I think this is such an important point because I mentioned earlier that I have a series of seven year careers and, I last year started a business personal brand, which is where I write a newsletter about online businesses, trying to just teach a lot of the stuff that I learned from Story Learning. Since I quit my full time job and went full time on my language business back in 2015, it was exactly seven and a half years, I think. So I managed to fit into the seven year bucket. And since I did that I've started to come into contact with many, many, entrepreneurs who work in the online space and occasionally I work with them and I get to see behind the scenes of their business and what they're trying to achieve and how they're going about it. Time and time again, I see the same fundamental thing holding them back, which is that they have been operating with the same instruction manual for way longer than they should have done. They are in 2024 working with 2015 knowledge, trying to market like, it's 2015 or building products the way that used to work back in 2017 or whatever, and not being up to date with almost resting on their laurels in a way, getting used to the way things are done and just not updating their knowledge to the point where they are able to spot parts of their businesses that need to change. And so you can get very entrenched with certain aspects of marketing in particular. I meet people all the time who have a blog that brings hundreds of thousands of visitors a month to their website, but they haven't touched it in seven years. And they're just hoping that it just kind of stays strong and that Google doesn't change any algorithms or anything like that. And, to me, like looking from the outside, I can look in on this and say, "look, like this is one of your key business assets. If you don't look after it, eventually it's going to turn." And so it makes sense for a certain proportion of your budget to go into maintaining and probably growing this thing, but it, really does often takes an outside perspective to do exactly what you said, which is to just understand when it's time to update your knowledge, to move on, to try something different. We were talking about how as a new entrepreneur, you're operating with this knowledge deficit because you don't know how to do things. And so you've got to learn stuff. I think the second piece of that puzzle is to keep refreshing your knowledge and your ability to look critically at your business over time and to maintain that because that's how you keep evolving. And that's why, you know, coaching and mentorship is typically so important because it just gives you that constant outside perspective.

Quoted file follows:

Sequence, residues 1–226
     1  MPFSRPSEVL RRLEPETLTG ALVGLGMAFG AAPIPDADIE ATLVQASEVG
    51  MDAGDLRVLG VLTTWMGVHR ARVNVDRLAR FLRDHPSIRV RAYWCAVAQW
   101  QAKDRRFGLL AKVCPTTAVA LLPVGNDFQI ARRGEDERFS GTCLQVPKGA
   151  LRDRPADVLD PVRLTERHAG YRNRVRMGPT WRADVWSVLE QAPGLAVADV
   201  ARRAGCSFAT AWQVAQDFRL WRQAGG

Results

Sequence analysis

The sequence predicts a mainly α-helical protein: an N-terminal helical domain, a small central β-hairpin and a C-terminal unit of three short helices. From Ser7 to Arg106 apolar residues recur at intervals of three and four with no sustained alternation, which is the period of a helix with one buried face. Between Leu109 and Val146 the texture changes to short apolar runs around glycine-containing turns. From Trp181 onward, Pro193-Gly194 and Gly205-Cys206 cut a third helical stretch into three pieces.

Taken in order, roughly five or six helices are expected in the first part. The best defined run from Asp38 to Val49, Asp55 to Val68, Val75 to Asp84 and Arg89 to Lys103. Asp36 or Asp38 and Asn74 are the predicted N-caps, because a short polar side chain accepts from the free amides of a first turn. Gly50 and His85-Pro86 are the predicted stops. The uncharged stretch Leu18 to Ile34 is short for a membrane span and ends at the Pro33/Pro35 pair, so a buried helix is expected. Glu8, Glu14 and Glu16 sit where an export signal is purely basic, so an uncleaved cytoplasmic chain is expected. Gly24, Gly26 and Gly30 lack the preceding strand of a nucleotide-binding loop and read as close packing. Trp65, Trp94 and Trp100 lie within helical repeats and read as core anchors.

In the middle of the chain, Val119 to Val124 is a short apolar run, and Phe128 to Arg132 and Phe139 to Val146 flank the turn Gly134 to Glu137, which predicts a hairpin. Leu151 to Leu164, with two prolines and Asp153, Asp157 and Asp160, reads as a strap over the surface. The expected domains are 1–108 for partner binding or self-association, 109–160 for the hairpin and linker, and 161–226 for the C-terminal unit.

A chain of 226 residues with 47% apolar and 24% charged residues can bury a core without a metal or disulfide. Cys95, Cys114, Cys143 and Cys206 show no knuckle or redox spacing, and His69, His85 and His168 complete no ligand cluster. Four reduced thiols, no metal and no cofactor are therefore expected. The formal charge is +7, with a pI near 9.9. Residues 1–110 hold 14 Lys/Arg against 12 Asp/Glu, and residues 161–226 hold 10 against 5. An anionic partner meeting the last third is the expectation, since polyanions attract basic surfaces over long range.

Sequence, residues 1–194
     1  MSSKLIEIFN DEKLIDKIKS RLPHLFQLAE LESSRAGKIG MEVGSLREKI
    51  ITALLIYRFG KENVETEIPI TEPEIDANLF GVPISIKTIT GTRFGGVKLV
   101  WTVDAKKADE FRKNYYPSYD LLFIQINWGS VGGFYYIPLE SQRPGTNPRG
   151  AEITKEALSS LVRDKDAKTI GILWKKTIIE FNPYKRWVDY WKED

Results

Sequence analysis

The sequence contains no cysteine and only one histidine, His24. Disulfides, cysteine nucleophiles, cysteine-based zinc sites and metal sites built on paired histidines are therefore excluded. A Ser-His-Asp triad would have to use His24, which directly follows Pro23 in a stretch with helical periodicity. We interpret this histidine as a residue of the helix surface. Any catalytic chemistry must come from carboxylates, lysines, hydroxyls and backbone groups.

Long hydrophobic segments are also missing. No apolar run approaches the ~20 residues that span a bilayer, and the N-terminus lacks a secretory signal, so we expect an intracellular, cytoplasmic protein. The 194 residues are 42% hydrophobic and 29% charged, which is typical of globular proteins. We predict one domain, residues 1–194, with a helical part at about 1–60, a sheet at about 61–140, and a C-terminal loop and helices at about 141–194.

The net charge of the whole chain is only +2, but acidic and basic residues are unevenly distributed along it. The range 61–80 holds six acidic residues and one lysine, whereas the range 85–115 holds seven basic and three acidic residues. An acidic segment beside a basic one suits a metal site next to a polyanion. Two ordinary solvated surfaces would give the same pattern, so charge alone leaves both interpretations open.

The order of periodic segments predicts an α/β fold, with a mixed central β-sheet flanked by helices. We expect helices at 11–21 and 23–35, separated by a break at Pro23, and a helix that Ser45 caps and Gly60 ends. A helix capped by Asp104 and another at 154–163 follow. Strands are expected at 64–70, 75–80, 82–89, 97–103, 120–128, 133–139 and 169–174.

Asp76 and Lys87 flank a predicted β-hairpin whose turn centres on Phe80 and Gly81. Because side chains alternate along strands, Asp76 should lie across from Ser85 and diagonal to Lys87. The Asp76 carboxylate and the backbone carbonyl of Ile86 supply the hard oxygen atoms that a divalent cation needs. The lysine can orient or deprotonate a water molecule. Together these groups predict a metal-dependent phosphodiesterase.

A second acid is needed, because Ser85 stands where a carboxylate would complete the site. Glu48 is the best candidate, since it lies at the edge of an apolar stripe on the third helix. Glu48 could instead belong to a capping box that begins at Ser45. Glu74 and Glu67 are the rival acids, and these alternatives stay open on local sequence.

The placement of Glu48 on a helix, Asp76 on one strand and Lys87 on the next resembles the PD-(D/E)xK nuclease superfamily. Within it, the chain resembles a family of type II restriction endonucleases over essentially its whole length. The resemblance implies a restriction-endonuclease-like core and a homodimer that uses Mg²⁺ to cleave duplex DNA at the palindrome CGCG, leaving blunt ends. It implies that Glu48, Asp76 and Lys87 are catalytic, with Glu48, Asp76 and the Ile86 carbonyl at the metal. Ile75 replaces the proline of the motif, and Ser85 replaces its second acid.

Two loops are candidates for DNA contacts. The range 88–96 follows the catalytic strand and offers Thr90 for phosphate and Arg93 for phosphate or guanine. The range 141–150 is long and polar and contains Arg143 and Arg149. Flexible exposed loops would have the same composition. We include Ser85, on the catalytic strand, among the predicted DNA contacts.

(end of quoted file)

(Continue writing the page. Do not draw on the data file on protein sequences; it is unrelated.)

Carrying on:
Absolutely. One of the cringiest things I hear when you ask someone, "why is it done that way?" And someone says. "Because we've always done it that way." And I'm like, "oh no, oh no." Because there are some times where we do things that maybe aren't the conventional way that it's supposed to be done. We had a client and she did something that was in what would be traditionally so inefficient, but she had modified her processes, gone more efficient and her sales dropped so significantly that she said, "you know what, I'd rather just do this the old fashioned way and I don't care that it's inefficient, it's better for sales." If I go to her and say, "why do we do it this way?" And she says, "well, over these three years, we did these efficiencies, sales dropped like this, we changed it back. Sales went back up like this." I think that is an educated, confident, you know, decision. Great. Let's do it the inefficient way. I'm all for it. It's great. But if we go in and we say, "why do we do it like this?" And you just say, "Oh, well, that's, that's how we've always done it." I'm like, "Oh no. Oh no. We got, we like, we need to understand. We need more."